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Following hard on the heels of two unanimous decisions sustaining the authority of state courts to enforce federal law, two more unanimous rulings at the end of the 1989 Supreme Court Term strongly emphasized their duty to do so. McKesson Corporation v. Division of Alcoholic Beverages & Tobacco, held that the states must provide meaningful postpayment remedies for parties forced to pay state taxes that had been extracted contrary to the commerce clause, and Howlett v. Rose affirmed the existence of a nearly inescapable duty in the state courts to entertain section 1983 actions. Additionally, three days after Howlett, the Court held in Wilder v. Virginia Hospital Association, that the Boren Amendment to the Medicaid Act, which requires states to reimburse health care providers in accordance with rates that are "'reasonable and adequate to meet the cost ... incurred,'" is enforceable by providers in section 1983 actions. Finally, in Dennis v. Higgins, the Court granted certiorari to decide whether dormant commerce clause claims can be maintained under section 1983.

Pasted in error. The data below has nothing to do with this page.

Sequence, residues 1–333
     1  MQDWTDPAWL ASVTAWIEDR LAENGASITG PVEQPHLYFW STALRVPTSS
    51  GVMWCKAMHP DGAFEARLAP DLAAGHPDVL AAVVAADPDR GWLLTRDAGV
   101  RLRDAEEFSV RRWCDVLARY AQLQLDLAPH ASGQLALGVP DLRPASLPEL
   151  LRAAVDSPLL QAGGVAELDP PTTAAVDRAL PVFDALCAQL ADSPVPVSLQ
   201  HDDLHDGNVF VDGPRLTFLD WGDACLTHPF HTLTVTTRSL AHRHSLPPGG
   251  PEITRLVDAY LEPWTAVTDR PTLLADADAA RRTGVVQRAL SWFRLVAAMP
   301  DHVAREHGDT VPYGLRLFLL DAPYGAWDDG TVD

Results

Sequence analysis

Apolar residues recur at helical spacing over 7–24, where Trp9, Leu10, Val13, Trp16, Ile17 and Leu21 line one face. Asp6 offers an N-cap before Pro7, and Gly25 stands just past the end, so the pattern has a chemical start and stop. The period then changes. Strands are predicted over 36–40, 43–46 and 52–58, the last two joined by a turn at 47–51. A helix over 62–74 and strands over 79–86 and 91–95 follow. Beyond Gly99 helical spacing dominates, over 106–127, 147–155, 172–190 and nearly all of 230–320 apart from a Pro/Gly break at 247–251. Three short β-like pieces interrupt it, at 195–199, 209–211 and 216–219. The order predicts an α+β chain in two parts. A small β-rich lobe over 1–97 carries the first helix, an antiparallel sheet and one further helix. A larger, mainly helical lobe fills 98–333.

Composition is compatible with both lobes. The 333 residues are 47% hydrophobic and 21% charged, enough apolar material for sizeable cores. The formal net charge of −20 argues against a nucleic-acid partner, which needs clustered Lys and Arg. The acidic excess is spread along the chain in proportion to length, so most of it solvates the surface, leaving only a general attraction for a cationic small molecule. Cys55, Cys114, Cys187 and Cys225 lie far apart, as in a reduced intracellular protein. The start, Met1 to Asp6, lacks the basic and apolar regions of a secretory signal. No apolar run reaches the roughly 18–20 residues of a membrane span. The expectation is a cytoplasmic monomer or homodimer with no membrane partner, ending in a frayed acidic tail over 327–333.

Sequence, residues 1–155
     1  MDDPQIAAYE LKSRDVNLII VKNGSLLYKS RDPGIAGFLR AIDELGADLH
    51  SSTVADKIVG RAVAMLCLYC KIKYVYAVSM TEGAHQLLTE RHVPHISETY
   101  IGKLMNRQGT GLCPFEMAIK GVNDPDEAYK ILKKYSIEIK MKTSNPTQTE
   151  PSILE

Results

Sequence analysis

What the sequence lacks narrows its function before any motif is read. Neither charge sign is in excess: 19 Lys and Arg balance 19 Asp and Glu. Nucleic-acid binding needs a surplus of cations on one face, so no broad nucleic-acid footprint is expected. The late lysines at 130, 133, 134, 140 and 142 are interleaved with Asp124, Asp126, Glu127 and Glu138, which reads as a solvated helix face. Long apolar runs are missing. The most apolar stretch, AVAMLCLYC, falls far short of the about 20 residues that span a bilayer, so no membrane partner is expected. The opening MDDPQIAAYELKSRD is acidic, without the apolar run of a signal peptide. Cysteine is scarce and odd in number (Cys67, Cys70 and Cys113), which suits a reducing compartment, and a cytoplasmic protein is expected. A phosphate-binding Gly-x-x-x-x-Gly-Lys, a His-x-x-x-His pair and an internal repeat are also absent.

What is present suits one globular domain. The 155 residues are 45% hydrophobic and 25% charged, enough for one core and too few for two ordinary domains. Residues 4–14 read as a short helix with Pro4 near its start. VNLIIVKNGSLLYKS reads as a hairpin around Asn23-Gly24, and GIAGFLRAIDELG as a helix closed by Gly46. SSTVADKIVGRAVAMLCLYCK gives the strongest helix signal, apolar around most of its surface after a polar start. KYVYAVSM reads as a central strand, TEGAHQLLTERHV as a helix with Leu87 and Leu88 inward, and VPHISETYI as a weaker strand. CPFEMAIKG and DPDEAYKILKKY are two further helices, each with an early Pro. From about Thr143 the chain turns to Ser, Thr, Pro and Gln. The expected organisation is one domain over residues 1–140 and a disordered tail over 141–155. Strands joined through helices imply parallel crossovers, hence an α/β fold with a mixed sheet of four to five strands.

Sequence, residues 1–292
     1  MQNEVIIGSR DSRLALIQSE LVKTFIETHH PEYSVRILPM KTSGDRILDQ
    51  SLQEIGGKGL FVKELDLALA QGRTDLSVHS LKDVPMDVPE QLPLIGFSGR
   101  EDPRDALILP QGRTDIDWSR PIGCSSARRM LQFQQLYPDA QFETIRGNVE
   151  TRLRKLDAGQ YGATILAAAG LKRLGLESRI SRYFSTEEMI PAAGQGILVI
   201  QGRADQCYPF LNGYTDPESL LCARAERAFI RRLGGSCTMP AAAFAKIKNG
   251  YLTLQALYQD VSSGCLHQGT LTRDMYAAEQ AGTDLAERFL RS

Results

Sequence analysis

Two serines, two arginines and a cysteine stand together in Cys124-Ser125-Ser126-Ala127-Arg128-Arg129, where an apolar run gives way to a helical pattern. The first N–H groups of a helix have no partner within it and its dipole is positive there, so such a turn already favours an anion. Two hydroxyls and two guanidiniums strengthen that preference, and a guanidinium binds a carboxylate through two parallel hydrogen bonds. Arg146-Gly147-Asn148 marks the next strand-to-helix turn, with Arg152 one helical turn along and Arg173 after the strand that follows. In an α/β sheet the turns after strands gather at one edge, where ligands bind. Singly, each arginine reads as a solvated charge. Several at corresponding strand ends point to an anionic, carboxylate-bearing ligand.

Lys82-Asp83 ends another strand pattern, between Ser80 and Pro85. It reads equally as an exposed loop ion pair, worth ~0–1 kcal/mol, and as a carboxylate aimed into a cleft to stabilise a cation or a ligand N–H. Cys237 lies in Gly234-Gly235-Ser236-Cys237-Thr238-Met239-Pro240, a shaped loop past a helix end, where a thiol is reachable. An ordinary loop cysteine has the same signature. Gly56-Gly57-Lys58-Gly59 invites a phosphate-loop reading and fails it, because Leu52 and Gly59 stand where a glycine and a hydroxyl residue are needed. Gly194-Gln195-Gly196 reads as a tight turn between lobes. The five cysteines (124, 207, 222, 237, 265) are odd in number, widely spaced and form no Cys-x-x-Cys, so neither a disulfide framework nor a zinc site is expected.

Against this background of unfolding opportunities for plaintiffs to vindicate their federal rights, Golden State Transit Corporation v. City of Los Angeles, decided early in the Term, may escape much independent notice even among federal court specialists despite its likely significance.


Constitutional Law | Law | Torts